The Feud Is Over

There is a lot of reality in the recent TV mini-series Feud – Bette Davis vs Joan Crawford. Books have been written about this catfight rivalry. Nothing new is added to the story but the series puts it firmly into its historic context: the subjugation of women for the pleasure & profit of men. It would be nice to think this has changed – sure there has been a power shift to give women greater control but male entitlement is disgruntled as opposed to encouraging & accepting. I also know the film studios did to male stars what it did to women.

Produced by the minds behind American Horror Story (AmHor), the series is a masterpiece that stands with the best the BBC has ever produced. Lavish in attention to period detail – costumes, hair, music – it’s clear no money was spared in making this show. Camera work is stunning, sets are astonishing & no opportunity is lost in making the leads look spectacular. The narrow focus also keeps the ‘plot’ from running away with the narrative as AmHor always does.

Lange & Sarandon give compelling rich performances, each capturing the inner & outer struggles of these two actors. Jessica at ease in the glamour that stifled Crawford’s career, Susan at home in the talent that drove Davis’s. Alfred Molina is their equal as Robert Aldrich – a director needing the hand that feeds him while it beats him at the same time.

At times I sense that these two actresses where happy to have targets for their cutting unkindness – many of the insults are a matter of public record & often feel more like an opportunity to be spiteful for their public than as deeply held emotions. Like a reviewer with a great nasty line that finally finds a movie review to show it off in – the ‘clever’ remark is more important than the target.

What is missing is Christine – a mention of her in the final episode. Plus, considering how open the AmHor men are about exploring gay & lesbian sexuality in historic context, I was expecting something about Crawford’s bisexuality. But those are quibbles about one of the best pieces of American TV I’ve seen & one that I’m willing to see again when the DVD comes out.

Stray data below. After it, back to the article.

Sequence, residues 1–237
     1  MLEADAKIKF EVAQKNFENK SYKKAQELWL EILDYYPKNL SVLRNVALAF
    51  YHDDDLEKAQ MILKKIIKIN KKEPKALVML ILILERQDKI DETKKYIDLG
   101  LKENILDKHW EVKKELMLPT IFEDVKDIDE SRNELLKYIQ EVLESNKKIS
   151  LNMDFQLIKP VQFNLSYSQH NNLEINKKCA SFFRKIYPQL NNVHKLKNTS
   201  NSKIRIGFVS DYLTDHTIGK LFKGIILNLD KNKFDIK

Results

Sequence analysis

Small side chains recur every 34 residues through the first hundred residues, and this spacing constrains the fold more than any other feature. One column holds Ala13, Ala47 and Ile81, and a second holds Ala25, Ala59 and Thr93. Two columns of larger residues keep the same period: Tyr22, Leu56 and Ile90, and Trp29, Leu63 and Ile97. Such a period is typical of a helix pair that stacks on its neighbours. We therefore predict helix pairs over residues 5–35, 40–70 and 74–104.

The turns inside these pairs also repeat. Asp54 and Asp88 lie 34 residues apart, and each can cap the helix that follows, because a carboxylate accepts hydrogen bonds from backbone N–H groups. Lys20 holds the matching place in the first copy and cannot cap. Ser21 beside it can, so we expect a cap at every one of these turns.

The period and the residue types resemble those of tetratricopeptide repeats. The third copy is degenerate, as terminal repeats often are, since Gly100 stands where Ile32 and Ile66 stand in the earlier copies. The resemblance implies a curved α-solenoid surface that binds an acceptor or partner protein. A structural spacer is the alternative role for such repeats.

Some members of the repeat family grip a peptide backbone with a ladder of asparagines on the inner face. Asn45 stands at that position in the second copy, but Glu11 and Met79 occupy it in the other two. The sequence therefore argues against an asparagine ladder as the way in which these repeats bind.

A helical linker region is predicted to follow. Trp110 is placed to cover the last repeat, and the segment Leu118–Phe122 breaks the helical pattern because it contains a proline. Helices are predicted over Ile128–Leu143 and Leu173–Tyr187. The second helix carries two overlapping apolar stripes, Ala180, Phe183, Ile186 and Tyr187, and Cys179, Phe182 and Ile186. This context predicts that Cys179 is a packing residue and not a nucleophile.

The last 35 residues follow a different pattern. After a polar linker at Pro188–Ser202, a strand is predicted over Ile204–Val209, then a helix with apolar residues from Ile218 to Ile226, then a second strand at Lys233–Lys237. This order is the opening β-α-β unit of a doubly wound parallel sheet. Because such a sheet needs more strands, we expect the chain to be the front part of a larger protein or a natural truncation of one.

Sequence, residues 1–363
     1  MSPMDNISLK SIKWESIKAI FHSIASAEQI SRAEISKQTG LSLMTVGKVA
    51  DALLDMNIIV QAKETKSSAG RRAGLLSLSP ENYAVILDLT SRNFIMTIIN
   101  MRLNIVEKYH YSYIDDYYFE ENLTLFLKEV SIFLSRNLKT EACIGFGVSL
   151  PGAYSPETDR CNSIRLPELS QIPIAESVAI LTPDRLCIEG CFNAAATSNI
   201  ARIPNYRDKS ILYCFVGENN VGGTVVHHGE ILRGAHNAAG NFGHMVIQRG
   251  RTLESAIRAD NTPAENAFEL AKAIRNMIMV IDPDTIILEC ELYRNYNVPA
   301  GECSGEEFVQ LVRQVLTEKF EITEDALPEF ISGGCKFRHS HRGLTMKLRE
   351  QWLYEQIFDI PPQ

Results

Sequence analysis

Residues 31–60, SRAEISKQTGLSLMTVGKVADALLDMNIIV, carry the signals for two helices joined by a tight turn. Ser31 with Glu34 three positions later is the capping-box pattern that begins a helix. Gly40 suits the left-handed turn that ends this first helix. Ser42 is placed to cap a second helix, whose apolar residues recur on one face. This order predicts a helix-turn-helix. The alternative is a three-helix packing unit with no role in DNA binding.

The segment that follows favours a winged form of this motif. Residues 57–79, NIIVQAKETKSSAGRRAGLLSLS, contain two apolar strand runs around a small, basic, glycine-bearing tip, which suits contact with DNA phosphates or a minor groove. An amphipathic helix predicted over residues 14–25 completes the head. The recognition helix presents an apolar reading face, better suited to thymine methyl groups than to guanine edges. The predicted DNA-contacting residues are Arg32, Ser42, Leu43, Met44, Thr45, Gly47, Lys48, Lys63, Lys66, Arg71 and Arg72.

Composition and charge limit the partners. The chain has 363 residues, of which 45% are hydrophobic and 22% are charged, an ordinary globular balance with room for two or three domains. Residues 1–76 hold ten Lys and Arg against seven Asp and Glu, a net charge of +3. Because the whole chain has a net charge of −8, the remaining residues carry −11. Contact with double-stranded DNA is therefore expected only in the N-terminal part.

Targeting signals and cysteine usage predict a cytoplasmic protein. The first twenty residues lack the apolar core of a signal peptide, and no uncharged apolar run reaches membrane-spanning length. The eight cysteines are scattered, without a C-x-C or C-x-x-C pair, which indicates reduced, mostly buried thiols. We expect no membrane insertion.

When that DVD comes out I’ll probably pick it up for any extras it includes. On-line people are picking sides: Team Joan, Team Bette. My mother was a Bette fan but I was more inclined to Joan – Crawford seemed more real & thanks to the Dearest biography is a major queer camp icon. Davis never got a role as iconic Mildred Pierce – Margo in All About Eve comes close though. ‘Fasten your seats belts, its going to be a bumpy night’ vs ‘Get out & take your things before I throw them in the street & you with them.’

Like This?

I didn’t enjoy it

I never have

but so many do

I had to try it

I thought it might be different

with him

when I said yes

let’s do it

it was no different

I didn’t enjoy it any more

or less

than I ever have

I expected

that if I did it often enough

with the right guy

I’d start to like it

start to see why others did it

but it never got more pleasant

in fact

I began to dread it so much

I stopped doing anything

with anyone

I didn’t explain


I kept it to myself

it seemed pointless to be contradictory

to have to explain it to anyone

I thought it might be better

with him

it wasn’t

I kept that disappointment to myself

tried to act as if

it was great

oh baby oh baby

he was fooled


I was happy to make him happy

looking forward to being together

yet dreading it at the same time

going through the motions

for the emotional pay off

of having my cake

but not wanting to eat it

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2 thoughts on “The Feud Is Over

  1. I second Ms. Snailgurl – excellent review. I was a fan of both actresses – Joan because she was freakin’ fierce off camera (if I had the money, I’d dress just like her) and Bette because she sent chills as ‘Baby Jane’. I don’t think I saw her in anything else as memorable, but that one role…just….all the eyes, as they say.

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